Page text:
Possible benefits of raising your child with religion

On the plus side, religious involvement can offer much-needed community for parents. "It does indeed take a village to raise a child, and religion can be a valuable part of the village for families that collectively value faith," says John Bartkowski, Ph.D., a professor of sociology at the University of Texas at San Antonio.

"Religious involvement can provide parents with great information-sharing, social network support, and collective problem-solving. Religious support groups for mothers and fathers often provide welcome child-rearing guidance in a society that too often thinks parenting skills come 'naturally,' when they, in fact, do not."

Stephanie S., 31, and her husband, Austin S., 32, of Albany, Oregon, say that their local church is a significant part of the "village" helping raise their three kids. "I do feel that if we need help or support, in any way—emotionally, spiritually, physically, in prayer—that the church is there for us," says Stephanie.

Kids can also benefit from that sense of community through religious programs. "Children at my home church delight in having a second home of a caring community who love them and are committed to their well-being," says Rev. Haffner. Programs like Sunday school also offer opportunities for kids to make friends, find mentors, and hone their interpersonal communication skills.

Note that the results of many studies on the impact of raising kids with religion are mixed—and potentially, quite subjective. For example, some research shows religious children are less likely to struggle with substance abuse, while others don't. Another report found an association between a religious upbringing and greater life satisfaction in adulthood and a positive impact on mental health. Other research has found other factors, such as parental well-being, play a larger role in child well-being.

Possible drawbacks of raising your child with religion

But there can also be cons to raising children in a religious setting. Research has shown kids raised by religious parents might not perform as well on academic tests as their peers, especially in math and science. "Although more research is needed, it's possible that religious parenting emphasizes soft skills to the detriment of hard skills," explains Dr. Bartkowski, who was part of that specific study out of the University of Texas at San Antonio.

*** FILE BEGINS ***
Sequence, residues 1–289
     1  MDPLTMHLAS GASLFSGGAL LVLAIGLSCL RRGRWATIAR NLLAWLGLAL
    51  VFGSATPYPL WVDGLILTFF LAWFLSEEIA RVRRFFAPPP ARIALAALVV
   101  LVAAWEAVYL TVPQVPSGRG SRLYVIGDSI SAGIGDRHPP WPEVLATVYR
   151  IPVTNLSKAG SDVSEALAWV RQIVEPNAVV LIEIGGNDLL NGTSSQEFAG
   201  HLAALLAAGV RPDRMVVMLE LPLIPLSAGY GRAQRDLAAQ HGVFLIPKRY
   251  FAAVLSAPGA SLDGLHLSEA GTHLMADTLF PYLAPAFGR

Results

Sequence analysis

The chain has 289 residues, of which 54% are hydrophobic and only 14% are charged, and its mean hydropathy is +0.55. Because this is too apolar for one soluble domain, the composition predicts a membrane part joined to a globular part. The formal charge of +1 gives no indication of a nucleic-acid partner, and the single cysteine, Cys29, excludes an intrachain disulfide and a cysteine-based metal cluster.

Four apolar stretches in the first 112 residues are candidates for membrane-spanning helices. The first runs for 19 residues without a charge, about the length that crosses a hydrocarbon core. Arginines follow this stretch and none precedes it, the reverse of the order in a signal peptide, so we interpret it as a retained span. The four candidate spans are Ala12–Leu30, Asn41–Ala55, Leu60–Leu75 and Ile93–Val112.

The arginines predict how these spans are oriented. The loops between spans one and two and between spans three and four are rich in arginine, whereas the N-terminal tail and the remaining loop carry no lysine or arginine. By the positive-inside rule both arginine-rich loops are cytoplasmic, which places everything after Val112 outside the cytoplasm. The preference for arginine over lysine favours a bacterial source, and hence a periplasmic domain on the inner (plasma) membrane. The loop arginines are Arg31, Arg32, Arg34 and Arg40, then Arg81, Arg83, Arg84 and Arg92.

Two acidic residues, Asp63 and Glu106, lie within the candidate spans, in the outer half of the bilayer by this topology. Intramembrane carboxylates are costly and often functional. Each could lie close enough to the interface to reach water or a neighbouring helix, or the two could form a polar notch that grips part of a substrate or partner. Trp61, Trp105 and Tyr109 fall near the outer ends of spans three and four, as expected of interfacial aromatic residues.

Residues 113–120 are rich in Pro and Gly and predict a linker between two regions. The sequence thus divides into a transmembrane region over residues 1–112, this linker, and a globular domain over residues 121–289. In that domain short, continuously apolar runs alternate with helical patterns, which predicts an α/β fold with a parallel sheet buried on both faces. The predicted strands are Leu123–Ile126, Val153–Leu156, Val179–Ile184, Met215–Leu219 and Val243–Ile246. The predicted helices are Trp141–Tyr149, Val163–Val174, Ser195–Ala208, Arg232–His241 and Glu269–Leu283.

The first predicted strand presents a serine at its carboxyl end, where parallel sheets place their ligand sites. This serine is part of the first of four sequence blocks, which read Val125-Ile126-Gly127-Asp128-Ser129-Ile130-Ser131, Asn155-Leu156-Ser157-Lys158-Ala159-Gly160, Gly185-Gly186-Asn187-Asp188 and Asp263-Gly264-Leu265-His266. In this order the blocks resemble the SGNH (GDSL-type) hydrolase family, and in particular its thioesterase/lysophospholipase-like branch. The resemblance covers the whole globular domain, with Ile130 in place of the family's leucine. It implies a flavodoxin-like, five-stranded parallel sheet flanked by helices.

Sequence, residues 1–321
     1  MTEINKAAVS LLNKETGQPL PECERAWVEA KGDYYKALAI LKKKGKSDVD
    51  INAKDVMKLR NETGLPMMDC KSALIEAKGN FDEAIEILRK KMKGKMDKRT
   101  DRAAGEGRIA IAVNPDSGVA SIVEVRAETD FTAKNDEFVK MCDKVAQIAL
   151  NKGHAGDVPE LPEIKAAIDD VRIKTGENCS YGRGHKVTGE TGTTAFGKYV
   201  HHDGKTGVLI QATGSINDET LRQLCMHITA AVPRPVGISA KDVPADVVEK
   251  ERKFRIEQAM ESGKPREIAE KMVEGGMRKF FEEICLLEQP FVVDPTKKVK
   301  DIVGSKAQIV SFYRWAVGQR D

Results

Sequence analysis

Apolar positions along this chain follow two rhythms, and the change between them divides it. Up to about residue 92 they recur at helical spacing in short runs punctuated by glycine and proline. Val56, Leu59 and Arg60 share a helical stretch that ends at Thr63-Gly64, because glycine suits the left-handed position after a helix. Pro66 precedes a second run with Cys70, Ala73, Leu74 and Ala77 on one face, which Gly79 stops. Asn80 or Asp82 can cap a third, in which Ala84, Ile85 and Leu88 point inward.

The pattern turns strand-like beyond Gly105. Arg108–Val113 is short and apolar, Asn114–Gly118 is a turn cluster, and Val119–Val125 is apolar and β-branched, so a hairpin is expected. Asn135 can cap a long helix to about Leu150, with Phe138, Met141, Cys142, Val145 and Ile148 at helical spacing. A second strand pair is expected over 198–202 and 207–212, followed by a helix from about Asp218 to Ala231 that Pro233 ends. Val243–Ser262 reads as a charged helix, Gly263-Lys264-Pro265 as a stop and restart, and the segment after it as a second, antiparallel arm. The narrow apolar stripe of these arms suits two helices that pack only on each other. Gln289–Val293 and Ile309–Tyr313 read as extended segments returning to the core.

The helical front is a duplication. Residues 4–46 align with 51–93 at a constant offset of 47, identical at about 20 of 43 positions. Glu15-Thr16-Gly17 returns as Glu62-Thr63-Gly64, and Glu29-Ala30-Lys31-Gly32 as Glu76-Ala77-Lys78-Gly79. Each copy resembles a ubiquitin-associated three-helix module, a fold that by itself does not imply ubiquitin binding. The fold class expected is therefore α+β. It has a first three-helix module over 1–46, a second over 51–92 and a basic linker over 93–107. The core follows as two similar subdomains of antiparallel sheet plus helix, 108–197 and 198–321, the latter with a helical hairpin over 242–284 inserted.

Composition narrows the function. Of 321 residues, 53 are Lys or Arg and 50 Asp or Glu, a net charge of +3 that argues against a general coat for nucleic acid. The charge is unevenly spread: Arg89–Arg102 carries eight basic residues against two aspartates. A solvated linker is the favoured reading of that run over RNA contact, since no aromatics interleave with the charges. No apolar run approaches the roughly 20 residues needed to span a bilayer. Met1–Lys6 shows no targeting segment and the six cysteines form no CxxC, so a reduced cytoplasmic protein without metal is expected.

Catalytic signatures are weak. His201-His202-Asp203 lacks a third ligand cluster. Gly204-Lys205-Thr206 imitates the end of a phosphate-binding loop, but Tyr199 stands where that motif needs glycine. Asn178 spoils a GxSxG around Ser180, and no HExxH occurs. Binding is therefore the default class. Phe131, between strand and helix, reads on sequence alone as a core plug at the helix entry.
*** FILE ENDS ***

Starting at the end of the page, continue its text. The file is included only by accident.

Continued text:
Religion can also become a divide among family members who have differing beliefs. For example, studies show parent and child conflict can arise when parents value religion more than their teens do with the children reporting poorer relations. Research has also shown religion can undermine child development if it becomes a source of conflict between parents. While any familial conflict can negatively affect youngsters, conflicts over religion can be more harmful than other disagreements because children are likely more involved in their family's religious practice.

There's good news for all, though. Research suggests that there actually really isn't a difference in morals between kids raised in religious homes and those in non-believing or secular ones.

What Does the Future Hold for Religion?

For better or worse, the downward trend in the number of religious families in the United States is expected to last. Whereas social science research has long suggested that Americans' relationship with religion waxes and wanes—as young adults drift away from religion, only to be drawn back in when they get married and have their own kids—there is little evidence that millennials are returning to religion even as they pass big family milestones.

While it is still unclear what the move away from religion will mean for millennial parents and their kids in Generation Alpha, Dr. Bartkowski says the trend is not concerning. "I anticipate that other social groups and new forms of connection—perhaps some of them emerging through social media—may step in to fill a growing religious void if it's here to stay," he says.

Whether you're raising your children with religion or not, Rev. Haffner says, "the most important lesson you can teach [them] is to be kind to everyone."